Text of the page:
Many people around the world know a proverb that fits the president of the United States: lies have short legs. You cannot get very far by constant lying. Sooner or later, lies will bring you down. One lie that will catch up with Donald Trump in the coming election is his repeated announcement that the United States can do much better than Obamacare with a “beautiful” Republican national health plan. Such a plan simply does not exist and the Republican majority in the Senate has never even mentioned it.
Too many lies with short legs have traveled in the Trump administration, starting with the number of people present at his inauguration to his most recent statement that children do not suffer from the plague of COVID 19. The ironies abound about a huge number of pronouncements made by the president, with the one that the U.S. had turned the corner in containing the spread of COVID 19 taking the cake on the very day that the number of dead Americans exceeded 200,000. The most extraordinary development, however, reflects the astounding hypocrisy of forcing through a new judge for the Supreme Court and reneging on the concocted theory behind the blocking of the traditional process of approval for a judge appointed by President Obama. At that time, the spurious argument was that it was up to the American people to wait and reflect on the nomination. Now, Senator Graham – one of those who stiffed the approval process for Judge Merrick Garland – has bragged that the Senate has the votes to confirm without even knowing who the nominee was. The salient fact in American history is that the newly approved judge will cast a deciding vote on existential threats to the constitutional order, from the election dispute that Donald Trump is ready to unleash to the feared abolition of Obamacare. There is no question that 50 Republican senators will confirm the nominee before the election. And there is a realization that past decisions of the Supreme Court, including the Roe vs Wade concerning a woman’s right to choose, are endangered.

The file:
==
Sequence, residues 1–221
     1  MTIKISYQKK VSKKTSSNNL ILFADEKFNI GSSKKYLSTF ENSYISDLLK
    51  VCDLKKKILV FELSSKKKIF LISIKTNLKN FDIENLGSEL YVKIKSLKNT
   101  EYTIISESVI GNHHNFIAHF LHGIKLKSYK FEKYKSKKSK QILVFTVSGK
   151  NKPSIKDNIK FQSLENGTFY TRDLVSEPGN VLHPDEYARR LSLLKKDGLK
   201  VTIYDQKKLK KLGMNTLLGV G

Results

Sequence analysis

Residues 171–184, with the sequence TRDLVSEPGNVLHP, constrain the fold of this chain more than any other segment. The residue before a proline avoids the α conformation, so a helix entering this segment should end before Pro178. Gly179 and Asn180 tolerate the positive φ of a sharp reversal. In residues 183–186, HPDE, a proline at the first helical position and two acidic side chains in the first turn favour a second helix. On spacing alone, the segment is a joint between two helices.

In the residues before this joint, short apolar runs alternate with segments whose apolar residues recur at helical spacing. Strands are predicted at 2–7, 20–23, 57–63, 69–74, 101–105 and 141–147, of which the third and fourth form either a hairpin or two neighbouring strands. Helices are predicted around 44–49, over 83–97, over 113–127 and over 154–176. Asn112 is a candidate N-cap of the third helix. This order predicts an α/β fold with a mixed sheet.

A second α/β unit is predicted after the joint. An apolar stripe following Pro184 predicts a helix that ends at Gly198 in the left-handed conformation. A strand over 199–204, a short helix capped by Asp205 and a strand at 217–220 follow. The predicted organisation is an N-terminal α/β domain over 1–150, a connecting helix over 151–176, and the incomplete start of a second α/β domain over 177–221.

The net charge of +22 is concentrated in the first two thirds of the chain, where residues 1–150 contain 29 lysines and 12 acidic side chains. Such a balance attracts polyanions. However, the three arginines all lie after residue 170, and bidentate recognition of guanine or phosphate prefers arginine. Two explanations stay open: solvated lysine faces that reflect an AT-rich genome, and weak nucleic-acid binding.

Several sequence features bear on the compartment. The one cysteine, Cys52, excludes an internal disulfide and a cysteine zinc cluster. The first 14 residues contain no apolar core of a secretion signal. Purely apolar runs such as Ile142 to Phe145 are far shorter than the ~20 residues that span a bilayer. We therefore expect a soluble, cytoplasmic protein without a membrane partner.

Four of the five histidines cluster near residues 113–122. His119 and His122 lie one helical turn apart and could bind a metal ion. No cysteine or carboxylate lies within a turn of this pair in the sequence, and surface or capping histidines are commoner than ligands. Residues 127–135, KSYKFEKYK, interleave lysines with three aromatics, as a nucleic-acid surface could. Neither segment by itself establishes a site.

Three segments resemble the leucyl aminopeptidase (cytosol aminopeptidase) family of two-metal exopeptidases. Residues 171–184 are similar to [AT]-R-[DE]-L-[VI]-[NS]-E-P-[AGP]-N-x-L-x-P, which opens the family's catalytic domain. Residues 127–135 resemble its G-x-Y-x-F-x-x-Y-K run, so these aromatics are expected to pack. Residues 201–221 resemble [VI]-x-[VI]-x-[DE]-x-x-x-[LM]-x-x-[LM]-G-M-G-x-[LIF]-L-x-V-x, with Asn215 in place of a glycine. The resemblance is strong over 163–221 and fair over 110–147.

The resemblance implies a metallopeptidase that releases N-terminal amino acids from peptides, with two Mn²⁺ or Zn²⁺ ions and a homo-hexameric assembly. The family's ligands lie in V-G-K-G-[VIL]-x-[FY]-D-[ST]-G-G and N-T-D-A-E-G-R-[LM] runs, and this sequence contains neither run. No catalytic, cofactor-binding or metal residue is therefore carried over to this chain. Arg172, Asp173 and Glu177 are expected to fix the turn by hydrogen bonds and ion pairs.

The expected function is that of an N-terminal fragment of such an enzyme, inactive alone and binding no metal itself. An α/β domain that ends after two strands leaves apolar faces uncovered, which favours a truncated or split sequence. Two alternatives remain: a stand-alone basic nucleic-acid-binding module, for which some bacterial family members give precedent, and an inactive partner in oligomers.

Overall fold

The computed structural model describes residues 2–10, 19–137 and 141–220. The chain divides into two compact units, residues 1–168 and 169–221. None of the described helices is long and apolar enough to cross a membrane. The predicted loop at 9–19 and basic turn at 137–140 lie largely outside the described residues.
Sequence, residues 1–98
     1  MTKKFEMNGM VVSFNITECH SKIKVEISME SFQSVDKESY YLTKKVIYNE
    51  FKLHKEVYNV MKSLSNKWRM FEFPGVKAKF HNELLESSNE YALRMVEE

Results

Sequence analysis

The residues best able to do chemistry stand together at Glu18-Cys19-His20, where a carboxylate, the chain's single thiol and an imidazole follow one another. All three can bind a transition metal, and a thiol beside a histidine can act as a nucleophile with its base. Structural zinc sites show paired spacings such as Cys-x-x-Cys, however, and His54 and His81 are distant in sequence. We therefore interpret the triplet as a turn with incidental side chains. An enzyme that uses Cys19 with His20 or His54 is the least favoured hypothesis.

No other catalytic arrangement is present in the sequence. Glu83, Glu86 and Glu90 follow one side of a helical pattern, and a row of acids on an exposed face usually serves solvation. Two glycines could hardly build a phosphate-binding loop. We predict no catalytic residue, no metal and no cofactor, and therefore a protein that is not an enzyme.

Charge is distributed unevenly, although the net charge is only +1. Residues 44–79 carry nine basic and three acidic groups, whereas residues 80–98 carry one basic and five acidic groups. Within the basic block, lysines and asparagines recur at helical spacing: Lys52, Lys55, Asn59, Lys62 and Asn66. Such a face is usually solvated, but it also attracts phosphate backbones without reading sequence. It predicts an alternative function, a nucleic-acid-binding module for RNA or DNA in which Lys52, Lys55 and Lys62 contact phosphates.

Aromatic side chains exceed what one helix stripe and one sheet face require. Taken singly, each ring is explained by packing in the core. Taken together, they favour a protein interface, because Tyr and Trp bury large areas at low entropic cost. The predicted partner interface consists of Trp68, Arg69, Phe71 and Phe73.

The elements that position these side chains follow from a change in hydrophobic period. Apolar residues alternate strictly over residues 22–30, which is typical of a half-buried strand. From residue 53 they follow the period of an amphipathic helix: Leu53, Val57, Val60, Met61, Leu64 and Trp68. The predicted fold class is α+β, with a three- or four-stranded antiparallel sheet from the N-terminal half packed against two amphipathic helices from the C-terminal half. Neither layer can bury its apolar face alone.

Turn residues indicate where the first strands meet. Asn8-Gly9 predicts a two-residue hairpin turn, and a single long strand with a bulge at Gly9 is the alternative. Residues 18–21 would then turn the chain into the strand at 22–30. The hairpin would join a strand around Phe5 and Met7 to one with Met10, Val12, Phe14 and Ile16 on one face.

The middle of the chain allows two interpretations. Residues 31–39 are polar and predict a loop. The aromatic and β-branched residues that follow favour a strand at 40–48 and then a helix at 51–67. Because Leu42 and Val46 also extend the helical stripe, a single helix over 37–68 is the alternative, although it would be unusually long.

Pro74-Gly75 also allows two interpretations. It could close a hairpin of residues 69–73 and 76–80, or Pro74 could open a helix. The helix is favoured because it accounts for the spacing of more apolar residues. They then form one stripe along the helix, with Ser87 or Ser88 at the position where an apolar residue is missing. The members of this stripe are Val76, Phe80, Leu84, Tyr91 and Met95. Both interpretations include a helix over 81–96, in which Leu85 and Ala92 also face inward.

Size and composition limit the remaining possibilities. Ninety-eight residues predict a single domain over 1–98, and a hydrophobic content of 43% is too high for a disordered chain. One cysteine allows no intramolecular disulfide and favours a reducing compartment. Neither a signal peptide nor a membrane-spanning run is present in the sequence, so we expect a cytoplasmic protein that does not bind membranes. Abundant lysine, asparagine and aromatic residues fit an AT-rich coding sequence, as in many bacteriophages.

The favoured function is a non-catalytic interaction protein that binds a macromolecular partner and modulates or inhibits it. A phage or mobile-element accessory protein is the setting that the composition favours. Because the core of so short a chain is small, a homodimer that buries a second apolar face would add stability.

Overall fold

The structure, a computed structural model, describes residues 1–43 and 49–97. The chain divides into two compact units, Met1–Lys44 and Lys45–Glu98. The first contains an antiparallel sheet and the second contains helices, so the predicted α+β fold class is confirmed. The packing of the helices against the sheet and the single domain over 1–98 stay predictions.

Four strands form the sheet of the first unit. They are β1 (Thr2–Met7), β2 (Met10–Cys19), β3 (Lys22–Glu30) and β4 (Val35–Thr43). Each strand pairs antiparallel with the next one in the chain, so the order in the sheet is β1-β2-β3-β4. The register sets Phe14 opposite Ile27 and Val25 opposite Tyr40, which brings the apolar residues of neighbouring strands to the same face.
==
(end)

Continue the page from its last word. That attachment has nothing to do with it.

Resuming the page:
Above all, the fate of Obamacare is at stake. The prospect that the self-assured conservative Supreme Court may declare it unconstitutional and strike it down dramatizes the peculiarity of the American electorate that many foreign observers find astounding: the propensity of American voters to vote against their interests. In 2004, Thomas Frank wrote an insightful book by the title “What’s the matter with Kansas?” where he foresaw the populist revolt against the liberal establishment that propelled Donald Trump to the White House. He posed the question: why do so many vote against their economic interest? It is a question that bedevils us even more at this time when a large part of the electorate is more influenced by the “culture wars” than by the hard questions of social and economic policy. The alliance between blue-collar Midwesterners and the oligarchy that has only one objective, protecting its business interests, has become even more entrenched. This is the Damocles’ sword that hangs over America on the eve of a highly contentious election. But the question that arises is still: do the Midwesterners realize the consequences of a newly enforced conservative majority in the Supreme Court on their livelihoods? A Texas judge threw out the entire law on the grounds that Congress had never intended for the law to exist without the individual mandate. The case is now before the Supreme Court that is expected to rule next spring. A reliable estimate is that 29.8 million people would lose their health insurance if the Affordable Care Act (ACA) were repealed. In addition, 1.2 million jobs would be lost. In Virginia alone, the number of people without insurance would jump by 79%. This translates to 685,000 people losing their insurance. Obamacare has helped millions of people with their individual insurance and expanded coverage by Medicaid. It is an elementary conclusion that if the ACA were to disappear, people would have to spend more for their medical care and less at the grocery store and on other needs. As a result, jobs would be lost all over. The most frightening consequence is that more than 25,000 people would die each year because they could not get life-saving medical care. While President Trump presses the Supreme Court to repeal Obamacare, the alternative to the matter is that Republicans only need 51 votes through the budget process to end the tax credits that make Obamacare affordable and to reverse Medicaid expansion. The question for Virginians, and indeed all Americans, is: do we want to go the way of Kansas? Do you believe that Trump, if reelected, will propose a health law that among other things will prohibit the denial of coverage to people with pre-existing conditions? Will you accept such assurances by a president who pitifully failed to protect Americans from the incoming scourge of COVID 19 and who now insists that the pandemic is just about over? This is only the latest of the lies with short legs. Too many Americans hope that they will be cut down on Nov. 3.